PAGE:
“Nairobi is a sly town. It is so small that run-ins with people one is trying to avoid are a common occurrence, yet it is segmented enough to keep two searching individuals apart. (p. 384)
Not as ambitious as Dust but for a contemporary book, it was a great effort and I would certainly recommend it to anyone.
Posted in books, Heart matters, home
Tagged books, Books reading, Dust, gender, home, Iman Verjee, Kenya, Kenyan Indians, Kiswahili, Nairobi, power, race, tribe, Yvonne Adhiambo Owuor
Posted in books, home, marriage, working
Tagged Ayọ̀bámi Adébáyọ̀, books, Books reading, cooking, Kenya, lentils, marriage, Ngugi wa Thiong'o, Nobel Prize, recipes, Sunday Reads, weddings. planning, women, women and work, Zeitz Mocaa
Posted in books, design, Heart matters, home, working
Tagged Africa, Cape Town, church, cooking, faith, gifts, home decor, Issa Rae, Jonathan Ball Publishers, Kenya, parenthood, pasta recipe, Petina Gappah, pressure cooker, race, recipes, Serena Williams
Posted in books, Heart matters, home, school, working
Tagged books, Bridge Schools, children, death, discipleship, education, elections, Feminism, history, Inspiration, intergenerational mobility, Kenya, mentoring, stories, tea
I recently read this (poetry) book and it was amazing. A workmate recommended it and initially I thought poetry *insert puke face*. ASIDE: Am I the only 8-4-4 product that does not appreciate poetry for leisure? Anyway, its ~165 pages and since most of the poems are a couple of lines, I finished it in one fell swoop. I LOVED IT, did I already say that?? Below are some of the amazing poems I loved.
There is danger in letting people misname you. If you are a fire, do not answer when they call you a spark.
Tell the story. Give it a name and skin of its own.
Please go out and get the book. It’s a lovely read.
Posted in books, design, Heart matters, home, life, marriage
Tagged 90s Music, ALU Mauritius, books, Books reading, decolonisation, education, faith, Kabali-Kagwa, Kenya, Kenyan elections, Kintu, marriage in Kenya, motherhood, music, Nigeria, photography, race, recipes, Refugees, Sunday Reads, Uganda
Posted in home, life, school, working
Tagged Africa, Angela Merkel, drinks, entrepreneurship, Get Out, Kalushi, Kenya, motherhood, Movies, Nigeria, parenting, recipes, Rwanda, technology, war
Posted in Heart matters, home, life, marriage, school, working
Tagged Chimamanda, Chimamanda Ngozi Adichie, cooking, Feminism, feminists, Kenya, language, marriage, recipes, risks, Roxanne Gay, women and politics, women at work, Women's Day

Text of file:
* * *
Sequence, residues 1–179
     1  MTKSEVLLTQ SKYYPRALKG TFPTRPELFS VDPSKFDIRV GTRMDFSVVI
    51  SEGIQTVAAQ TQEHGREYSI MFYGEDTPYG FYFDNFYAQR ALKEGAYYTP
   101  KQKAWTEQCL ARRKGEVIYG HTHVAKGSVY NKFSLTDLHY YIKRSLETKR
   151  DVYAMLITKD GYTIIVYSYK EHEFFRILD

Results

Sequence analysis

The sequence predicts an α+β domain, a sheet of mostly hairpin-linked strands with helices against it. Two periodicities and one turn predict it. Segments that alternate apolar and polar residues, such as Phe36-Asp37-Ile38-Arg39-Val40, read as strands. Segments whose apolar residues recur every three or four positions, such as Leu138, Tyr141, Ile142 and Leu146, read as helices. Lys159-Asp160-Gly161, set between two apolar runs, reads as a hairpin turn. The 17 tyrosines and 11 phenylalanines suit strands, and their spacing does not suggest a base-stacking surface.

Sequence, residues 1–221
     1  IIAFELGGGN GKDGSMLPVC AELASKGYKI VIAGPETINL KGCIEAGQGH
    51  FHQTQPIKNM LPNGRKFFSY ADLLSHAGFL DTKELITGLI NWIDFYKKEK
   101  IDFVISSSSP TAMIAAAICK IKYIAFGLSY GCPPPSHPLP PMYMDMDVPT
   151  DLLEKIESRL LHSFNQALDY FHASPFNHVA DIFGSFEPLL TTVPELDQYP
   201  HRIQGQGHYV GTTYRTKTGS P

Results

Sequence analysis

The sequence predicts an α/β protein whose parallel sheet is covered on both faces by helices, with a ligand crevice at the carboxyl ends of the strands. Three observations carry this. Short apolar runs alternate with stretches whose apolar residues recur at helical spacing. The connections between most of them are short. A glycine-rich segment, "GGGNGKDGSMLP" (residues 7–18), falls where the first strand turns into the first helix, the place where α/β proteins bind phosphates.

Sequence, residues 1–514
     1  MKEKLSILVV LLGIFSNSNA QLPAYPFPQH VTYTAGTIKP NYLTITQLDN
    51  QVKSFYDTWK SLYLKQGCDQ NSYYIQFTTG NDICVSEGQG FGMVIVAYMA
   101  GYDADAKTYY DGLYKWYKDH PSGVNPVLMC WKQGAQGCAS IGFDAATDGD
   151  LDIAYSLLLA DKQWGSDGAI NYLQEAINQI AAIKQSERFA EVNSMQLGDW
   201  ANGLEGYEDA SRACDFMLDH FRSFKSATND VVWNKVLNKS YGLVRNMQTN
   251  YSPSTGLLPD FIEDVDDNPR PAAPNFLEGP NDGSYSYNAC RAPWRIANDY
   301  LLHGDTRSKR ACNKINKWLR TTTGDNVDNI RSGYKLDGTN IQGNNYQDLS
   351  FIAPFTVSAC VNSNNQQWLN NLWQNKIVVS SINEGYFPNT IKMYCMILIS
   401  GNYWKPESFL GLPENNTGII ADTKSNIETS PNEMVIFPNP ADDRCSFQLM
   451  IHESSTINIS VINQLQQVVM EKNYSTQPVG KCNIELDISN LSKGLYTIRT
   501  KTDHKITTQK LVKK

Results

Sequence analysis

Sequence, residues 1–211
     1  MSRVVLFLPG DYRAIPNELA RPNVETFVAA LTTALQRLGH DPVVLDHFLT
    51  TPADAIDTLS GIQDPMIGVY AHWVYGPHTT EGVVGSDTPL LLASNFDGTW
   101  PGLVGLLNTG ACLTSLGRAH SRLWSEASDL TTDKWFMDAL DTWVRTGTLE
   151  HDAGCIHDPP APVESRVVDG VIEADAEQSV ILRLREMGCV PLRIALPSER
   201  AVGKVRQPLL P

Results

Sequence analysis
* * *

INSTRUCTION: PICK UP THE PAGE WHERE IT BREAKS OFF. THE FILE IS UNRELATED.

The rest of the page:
His talk was titled “Decolonising the Mind, Securing the Base”.
- We exchanged our accents for European accents and in exchange for access to African resources.
- If you know all the languages of the world except your mother tongue, you are enslaved. If you speak your mother tongue in addition to other languages, you are empowered.
- Names and language is the imperialist’s last battle for the war that begun with the sword.
His talk was disrupted, I think wrongfully but here are a couple of other views you could check out.
Posted in Heart matters, home, life, working
Tagged Africa, Christianity, DIY, Kenya, life lessons, motherhood, Nairobi, PhD, Podcasts, Refugees, Uganda
- How to read more books this year. I am definitely taking it to heart by reducing my junk TV viewing and making sure I always have a book as I go about various chores.
- A reading list on Kenya in case you are interested.
- If a story moves you, act on it!
- This article on insecurity made me stop and think. Really hard!
- Somali nicknames are hilarious 🙂
- So many white tears in this article. I see that they have only a given demographic of foreign spouses married to South Africans.
- Also, this IS cultural expropriation.
- More on how couples deal with finances.
- I didn’t know there were Nigerian Jews in Johannesburg. Today’s fact!!
- What does it mean to be a boy or girl? National Geographic asks 9/10 year old kids.
- Stealing from one of the comments, “This is by far the best article I’ve read regarding LBGT and the gospel.”
- Chocolate cake and another vegetarian pasta recipe.
Posted in books, Heart matters, home, life, marriage
Tagged Books reading, Christianity, culture, faith, foreigners, growing up., homosexuality, Kenya, marriage, money, names, Nigeria, pasta recipe, race, recipes, selfesteem, Somali
Posted in books, home, life, working
Tagged Africa, babies, books, home, Kenya, Kenyan elections, Kenyan music, music, Nairobi, Obama, race, recipes, Sunday Reads, women and work, women at work
Posted in Heart matters, home, life
Tagged authentic life, education, giving, Kenya, life lessons, Mathare, meal plans, motherhood, Nigeria, US election
- Women, language, rites of passage and the khanga.
- Cobalt mining and the lost lives in The DR Congo.
- Rhino poaching in South Africa.
- Attitudes to marriage in certain communities.
- Nairobi’s art and culture scene.
- Pssst! Africans also migrate within the continent.
- SERENA. WILLIAMS. SWOON!!!
A reporter asked Williams whether she should be considered one of the greatest female athletes of all time. Her perfect response: “I prefer the words ‘one of the greatest athletes of all time.’”
Posted in good, home, life, marriage, working
Tagged DR Congo, Kenya, marriage, migration, Nairobi, poaching, rhinos, Serena Williams, South Africa, women